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At The Halfway Mark
For those keen on reforms, the strategic position the Left parties occupy in the United Progressive Alliance has been of great concern. The reformists' greatest fear is that it will embolden the anti-reform lobbies within the Congress and the bureaucracy that had been forced into oblivion by the wave of reforms in 1991. Many of the initiatives originating in various branches of the government in the last month, which came on the heels of an ill-conceived Common Minimum Programme (CMP), have served to give substance to that fear. Therefore, the key question while assessing the first UPA budget is whether it indicates that the progressive, pro-reform wing of the Congress—which the prime minister and the finance minister represent—remains truly in charge of policy.
The answer to this question is a qualified and cautious yes. The qualification is that the budget gives no indication that reforms such as the amendment of the Industrial Disputes Act ruled out by the CMP or those such as redirection of many wasteful subsidies that are not ruled out by it but are politically difficult will be tackled. The caution comes from the need to study the budget in depth before a firm conclusion can be reached. (This piece was written within a few hours of the budget to meet deadlines.)
Nevertheless, to see why those keen on reforms need not lose heart yet, begin with the fiscal and revenue deficits. The budget proposes to bring the fiscal deficit of the central government down from 4.8 per cent of the GDP to 4.4 per cent and the revenue deficit from 3.6 per cent to 2.5 per cent. Given the near double-digit fiscal deficit of the Centre and states combined, this may not seem much. Yet, if one measures this accomplishment against the possibility of the huge escalation in the expenditures signalled in the CMP, the modest reduction can be reassuring. A preliminary examination of the numbers suggests that Chidambaram has managed to hold the line on expenditures in the crucial first year.
Another step of immense symbolic—and perhaps substantive—value is the trimming of the small scale industries (SSI) reservation list by 85 items. While promising to give more sops to the small enterprises, the CMP had been entirely silent on whether the UPA plans to trim and eventually eliminate the SSI reservation list. The cut in the list is a sign that the government recognises that limiting the scale of operation of the enterprises in some of the most labour-intensive products is a bad idea. The substantive impact of the change will, of course, depend on which 85 items are actually eliminated from the list, how fast the government moves to scrap the list entirely and how long it takes to move on the labour market, which remains an effective constraint on the size of the enterprises even after the SSI reservation is eliminated.
Yet another signal the finance minister has given of his resolve to move the reforms process forward is the further opening of foreign direct investment (FDI). He's raised the FDI limit from 49 per cent to 74 per cent in telecom, from 40 per cent to 49 per cent in civil aviation and from 26 per cent to 49 per cent in insurance. He has also raised the investment ceiling for institutional investors in debt funds from $1 billion to $1.75 billion.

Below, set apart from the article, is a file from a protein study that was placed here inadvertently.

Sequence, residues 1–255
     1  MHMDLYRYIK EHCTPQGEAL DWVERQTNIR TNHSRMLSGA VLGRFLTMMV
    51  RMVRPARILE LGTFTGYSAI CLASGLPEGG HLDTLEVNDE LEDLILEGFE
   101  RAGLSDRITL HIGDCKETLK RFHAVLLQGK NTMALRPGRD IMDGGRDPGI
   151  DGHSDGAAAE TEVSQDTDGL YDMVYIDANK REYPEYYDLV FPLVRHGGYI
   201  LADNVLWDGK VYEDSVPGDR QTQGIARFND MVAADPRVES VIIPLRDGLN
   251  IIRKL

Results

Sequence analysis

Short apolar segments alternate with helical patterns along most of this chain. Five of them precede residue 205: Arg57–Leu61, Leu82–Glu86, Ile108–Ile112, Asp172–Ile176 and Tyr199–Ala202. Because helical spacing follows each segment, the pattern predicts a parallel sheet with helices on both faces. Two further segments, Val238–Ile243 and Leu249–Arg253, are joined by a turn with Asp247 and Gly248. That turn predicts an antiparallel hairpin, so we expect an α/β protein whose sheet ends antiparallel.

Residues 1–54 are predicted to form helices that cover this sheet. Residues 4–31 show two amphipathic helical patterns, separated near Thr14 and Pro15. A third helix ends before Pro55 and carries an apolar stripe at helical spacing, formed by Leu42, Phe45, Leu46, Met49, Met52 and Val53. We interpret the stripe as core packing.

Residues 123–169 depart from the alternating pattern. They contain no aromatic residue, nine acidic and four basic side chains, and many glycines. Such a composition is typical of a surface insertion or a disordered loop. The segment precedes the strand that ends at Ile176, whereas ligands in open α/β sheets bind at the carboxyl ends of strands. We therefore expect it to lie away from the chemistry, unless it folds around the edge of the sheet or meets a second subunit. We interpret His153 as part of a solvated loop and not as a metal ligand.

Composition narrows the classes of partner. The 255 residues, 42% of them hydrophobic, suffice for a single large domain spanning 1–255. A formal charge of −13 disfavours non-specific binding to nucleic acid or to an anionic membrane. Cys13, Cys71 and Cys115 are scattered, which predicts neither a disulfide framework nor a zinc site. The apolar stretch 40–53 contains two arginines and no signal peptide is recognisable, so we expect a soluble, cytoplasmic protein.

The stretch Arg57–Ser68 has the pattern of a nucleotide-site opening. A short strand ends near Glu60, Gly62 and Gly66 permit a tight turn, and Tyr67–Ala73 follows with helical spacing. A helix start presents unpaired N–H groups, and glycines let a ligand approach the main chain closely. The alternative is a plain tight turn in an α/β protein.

On the external trade front, Chidambaram has retained the tariff reductions announced by his predecessor in the mini-budget so that the top tariff rate for the year will remain at 20 per cent. He has also announced his intention to move to a uniform tariff rate and to bring it down to the levels prevailing in the member countries of the Association of South-East Asian Nations (ASEAN). These are moves in the right direction though he could have been bolder, switching to a uniform 15 per cent tariff rate right away.At the minimum, he should have compressed several of the tariff rates, most notably on automobiles, that remain well above the "top" 20 per cent rate. Instead, he has wound up giving more concessions to the already well-protected auto industry through 150 per cent deduction on expenditures on in-house R&D facilities.
While the budget, thus, gives the reforms advocates some reasons to celebrate, it falls well short of the expectations generated by the Economic Survey 2003-04, tabled a day before the budget. The survey rightly cited 10 per cent or higher annual growth of the industry as essential for achieving the target GDP growth of 7-8 per cent. It also listed tackling the labour market rigidities and SSI reservation among two of the five necessary steps to push industrial growth into the double-digit range.
But the budget does nothing to tackle the labour market rigidities, not even what is feasible within the CMP mandate. On the SSI front, it makes progress but far from enough. It is hard to imagine that in the absence of these key reforms, the investment commission appointed by the FM can help push industrial growth to 10 per cent or more.
Also missing from the budget is any plan to reform the higher education system. The proposed increases in spending offer an unusual opportunity to at least begin unshackling in this sector. It is time that India created a proper mechanism for the entry of private universities, introduced appropriate tuition fees and ended the monopoly of the University Grants Commission. Without these steps, we cannot aspire to be the world's outsourcing hub.
(The author is Bhagwati Professor of Indian Political Economy, Columbia University)